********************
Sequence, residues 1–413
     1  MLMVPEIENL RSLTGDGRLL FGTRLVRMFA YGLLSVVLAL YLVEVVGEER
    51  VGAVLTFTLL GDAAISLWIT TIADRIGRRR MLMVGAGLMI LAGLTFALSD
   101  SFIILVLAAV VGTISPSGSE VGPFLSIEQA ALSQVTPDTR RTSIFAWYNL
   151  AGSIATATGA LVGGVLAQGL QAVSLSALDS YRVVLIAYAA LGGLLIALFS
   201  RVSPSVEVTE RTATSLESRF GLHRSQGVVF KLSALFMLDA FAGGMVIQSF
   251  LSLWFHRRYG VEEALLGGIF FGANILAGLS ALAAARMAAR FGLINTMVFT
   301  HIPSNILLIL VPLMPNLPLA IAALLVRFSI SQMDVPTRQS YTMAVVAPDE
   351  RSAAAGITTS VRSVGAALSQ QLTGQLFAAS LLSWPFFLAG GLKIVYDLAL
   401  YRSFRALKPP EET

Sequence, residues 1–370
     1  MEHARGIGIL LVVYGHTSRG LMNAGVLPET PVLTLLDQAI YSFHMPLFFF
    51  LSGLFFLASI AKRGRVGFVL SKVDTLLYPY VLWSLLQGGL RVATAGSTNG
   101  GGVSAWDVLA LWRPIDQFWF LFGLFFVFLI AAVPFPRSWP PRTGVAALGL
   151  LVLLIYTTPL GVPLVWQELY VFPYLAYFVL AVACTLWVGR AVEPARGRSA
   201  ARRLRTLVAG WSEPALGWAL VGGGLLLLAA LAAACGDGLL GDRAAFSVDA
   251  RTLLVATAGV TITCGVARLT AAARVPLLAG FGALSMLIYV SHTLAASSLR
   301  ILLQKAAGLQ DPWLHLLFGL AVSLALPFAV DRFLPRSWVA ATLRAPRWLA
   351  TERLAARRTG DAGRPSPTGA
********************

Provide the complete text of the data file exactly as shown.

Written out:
Sequence, residues 1–413
     1  MLMVPEIENL RSLTGDGRLL FGTRLVRMFA YGLLSVVLAL YLVEVVGEER
    51  VGAVLTFTLL GDAAISLWIT TIADRIGRRR MLMVGAGLMI LAGLTFALSD
   101  SFIILVLAAV VGTISPSGSE VGPFLSIEQA ALSQVTPDTR RTSIFAWYNL
   151  AGSIATATGA LVGGVLAQGL QAVSLSALDS YRVVLIAYAA LGGLLIALFS
   201  RVSPSVEVTE RTATSLESRF GLHRSQGVVF KLSALFMLDA FAGGMVIQSF
   251  LSLWFHRRYG VEEALLGGIF FGANILAGLS ALAAARMAAR FGLINTMVFT
   301  HIPSNILLIL VPLMPNLPLA IAALLVRFSI SQMDVPTRQS YTMAVVAPDE
   351  RSAAAGITTS VRSVGAALSQ QLTGQLFAAS LLSWPFFLAG GLKIVYDLAL
   401  YRSFRALKPP EET

Sequence, residues 1–370
     1  MEHARGIGIL LVVYGHTSRG LMNAGVLPET PVLTLLDQAI YSFHMPLFFF
    51  LSGLFFLASI AKRGRVGFVL SKVDTLLYPY VLWSLLQGGL RVATAGSTNG
   101  GGVSAWDVLA LWRPIDQFWF LFGLFFVFLI AAVPFPRSWP PRTGVAALGL
   151  LVLLIYTTPL GVPLVWQELY VFPYLAYFVL AVACTLWVGR AVEPARGRSA
   201  ARRLRTLVAG WSEPALGWAL VGGGLLLLAA LAAACGDGLL GDRAAFSVDA
   251  RTLLVATAGV TITCGVARLT AAARVPLLAG FGALSMLIYV SHTLAASSLR
   301  ILLQKAAGLQ DPWLHLLFGL AVSLALPFAV DRFLPRSWVA ATLRAPRWLA
   351  TERLAARRTG DAGRPSPTGA